One thing hugely working in our favor is React and its functional reactive component paradigm. If you look at an individual component, the JSX part is just about parseable enough for us to be able to reason about it and update it while preserving the javascript code that surrounds it. This means we can avoid printing ugly machine-generated code around them to be able to track the changes. ( for example we don't need to litter the code with markers like <!-- 53170a63-315f-4bb0-9f32 --> ) Plus, as React applications grow in size and complexity, most of the individual components remain small and simple. This means that if you open a real produciton React app in Utopia, there is a good chance you will find leaf components that are used for the actual content rendering, and you will be able to make changes to those without creating a mess.


I think tools like Dreamweaver and FrontPage ultimately failed due to many factors. By respecting the existing code you address one.

Other is that CSS can be shared between unrelated elements and cascading. FP and Dw worked pretty well for HTML where the looks of the elements were determined by their properties. Once CSS showed up they tried to adjust by encoding same things in inline styles of the elements. There was some support for css classes but it wasn't first class. You couldn't easily click to make a group of visual properties a style, name it (or choose a selector for it) and use it in other element somewhere on the page. The css classes are one thing, the other is 'cascading'. You couldn't do that conveniently either. So the moment you wanted to use the actual innovation that css brought to the table you had to pretty much drop into code and rarely ever come back to gui, which made visual part of FP and Dw obsolete.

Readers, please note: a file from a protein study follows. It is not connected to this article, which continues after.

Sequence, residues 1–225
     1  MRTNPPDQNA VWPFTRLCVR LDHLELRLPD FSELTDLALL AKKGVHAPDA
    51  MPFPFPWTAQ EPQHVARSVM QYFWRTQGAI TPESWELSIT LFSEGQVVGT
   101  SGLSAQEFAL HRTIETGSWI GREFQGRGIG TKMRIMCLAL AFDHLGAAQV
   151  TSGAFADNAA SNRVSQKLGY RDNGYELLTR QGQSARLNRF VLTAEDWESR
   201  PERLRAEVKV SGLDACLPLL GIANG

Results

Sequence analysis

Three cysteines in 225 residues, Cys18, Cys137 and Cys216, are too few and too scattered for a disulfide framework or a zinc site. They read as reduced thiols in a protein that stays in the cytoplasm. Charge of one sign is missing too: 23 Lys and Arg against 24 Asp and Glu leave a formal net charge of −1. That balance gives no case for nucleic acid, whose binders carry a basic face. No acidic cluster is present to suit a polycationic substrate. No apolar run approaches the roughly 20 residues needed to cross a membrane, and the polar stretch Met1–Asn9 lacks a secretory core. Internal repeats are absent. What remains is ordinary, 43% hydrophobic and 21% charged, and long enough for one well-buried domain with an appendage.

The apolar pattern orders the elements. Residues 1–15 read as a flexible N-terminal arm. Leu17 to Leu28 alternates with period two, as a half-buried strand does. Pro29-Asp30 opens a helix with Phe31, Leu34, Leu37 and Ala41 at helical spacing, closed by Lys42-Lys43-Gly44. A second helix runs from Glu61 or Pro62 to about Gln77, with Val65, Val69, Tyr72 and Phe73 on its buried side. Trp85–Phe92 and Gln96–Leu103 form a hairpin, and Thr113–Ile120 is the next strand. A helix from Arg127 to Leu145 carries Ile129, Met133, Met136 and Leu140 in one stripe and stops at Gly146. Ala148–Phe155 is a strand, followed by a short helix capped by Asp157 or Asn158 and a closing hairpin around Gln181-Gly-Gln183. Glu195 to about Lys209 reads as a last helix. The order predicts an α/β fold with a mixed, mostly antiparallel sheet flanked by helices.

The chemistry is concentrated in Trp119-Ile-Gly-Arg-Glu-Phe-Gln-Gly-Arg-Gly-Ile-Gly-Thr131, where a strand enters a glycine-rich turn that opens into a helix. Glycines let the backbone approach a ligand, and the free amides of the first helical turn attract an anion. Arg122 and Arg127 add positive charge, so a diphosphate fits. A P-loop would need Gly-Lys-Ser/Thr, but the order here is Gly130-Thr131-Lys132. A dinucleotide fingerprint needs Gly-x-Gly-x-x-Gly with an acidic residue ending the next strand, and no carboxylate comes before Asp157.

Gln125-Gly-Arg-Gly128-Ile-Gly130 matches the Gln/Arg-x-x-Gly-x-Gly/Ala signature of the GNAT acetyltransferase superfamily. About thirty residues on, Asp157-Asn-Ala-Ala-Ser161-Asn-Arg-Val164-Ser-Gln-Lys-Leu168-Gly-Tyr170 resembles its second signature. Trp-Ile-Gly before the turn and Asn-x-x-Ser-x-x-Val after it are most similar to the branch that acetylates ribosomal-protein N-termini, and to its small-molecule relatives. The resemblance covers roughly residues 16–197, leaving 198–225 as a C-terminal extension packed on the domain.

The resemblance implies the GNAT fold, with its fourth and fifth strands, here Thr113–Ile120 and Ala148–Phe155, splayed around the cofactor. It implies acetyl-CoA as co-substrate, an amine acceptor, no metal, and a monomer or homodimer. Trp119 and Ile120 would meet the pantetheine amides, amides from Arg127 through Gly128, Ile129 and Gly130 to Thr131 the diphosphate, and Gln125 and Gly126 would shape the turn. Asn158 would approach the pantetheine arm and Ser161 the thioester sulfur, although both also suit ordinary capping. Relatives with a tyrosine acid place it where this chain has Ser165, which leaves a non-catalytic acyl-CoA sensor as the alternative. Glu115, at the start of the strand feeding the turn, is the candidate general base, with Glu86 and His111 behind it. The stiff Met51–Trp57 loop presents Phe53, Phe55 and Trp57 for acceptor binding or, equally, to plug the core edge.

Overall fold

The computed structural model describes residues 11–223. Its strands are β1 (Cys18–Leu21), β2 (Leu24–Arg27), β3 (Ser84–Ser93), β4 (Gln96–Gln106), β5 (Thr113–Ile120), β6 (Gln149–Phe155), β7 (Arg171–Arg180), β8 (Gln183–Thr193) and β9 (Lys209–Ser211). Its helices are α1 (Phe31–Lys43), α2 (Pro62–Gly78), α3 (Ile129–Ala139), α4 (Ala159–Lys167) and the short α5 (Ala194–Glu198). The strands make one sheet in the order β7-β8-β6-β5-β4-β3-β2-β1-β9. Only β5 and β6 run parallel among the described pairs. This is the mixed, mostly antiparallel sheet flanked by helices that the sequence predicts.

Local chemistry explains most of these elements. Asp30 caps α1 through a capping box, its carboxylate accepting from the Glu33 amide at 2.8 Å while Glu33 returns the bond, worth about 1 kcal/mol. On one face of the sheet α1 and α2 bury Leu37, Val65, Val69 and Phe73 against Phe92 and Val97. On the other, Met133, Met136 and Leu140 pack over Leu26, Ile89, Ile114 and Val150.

And since you are dropping into editor you might want to drop into your favorite one where you have your own file tree, plugins and such. I think Utopia would make more sense if it could be run as a VSCode plugin.

To try to avoid that fate I think Utopia might consider some way of extracting those sliders on the right hand of UI out of specific component and into a shared group of styles. If you were working with CSS instead of css in js react-style the best idea would be to just mirror what css has, like named classes and complex selectors. And when you click a component you should let edit both inline component style and all the selectors that apply to it. It should basically mirror Chrome CSS inspector but in visual form with sliders and friendly names and other stuff. Since you are using React it would be best to mirror what React developers use to share styles between components. Some commentators here mentioned some libraries and solutions for sharing styles between components in React. But it doesn't look in Utopia it is as essential for survival since in React sharing styles by sharing whole components is a valid approach.

The other thing that made me abandon FP and Dw was that my HTML was generated server-side with a lot of PHP and parts of it kept in multiple files. You neatly address this using React and keeping it alive enough to populate the page you edit with state. React also enables composition of the page from components that can be edited separately which neatly resolves the issue of web page being spread over multiple files. I see that Utopia deals with editing components that include other component from different files neatly and it could be used flexibly to edit all the components however small and large and complex they are.

Other than that visual tools like that are great, both for people learning web development and people doing their work. I hope that Utopia thanks to your effort and power of React and its ecosystem will eventually becomes the standard way how people begin React project. Sort of like visual form of create-react-app.


Thank you for taking the time to write this!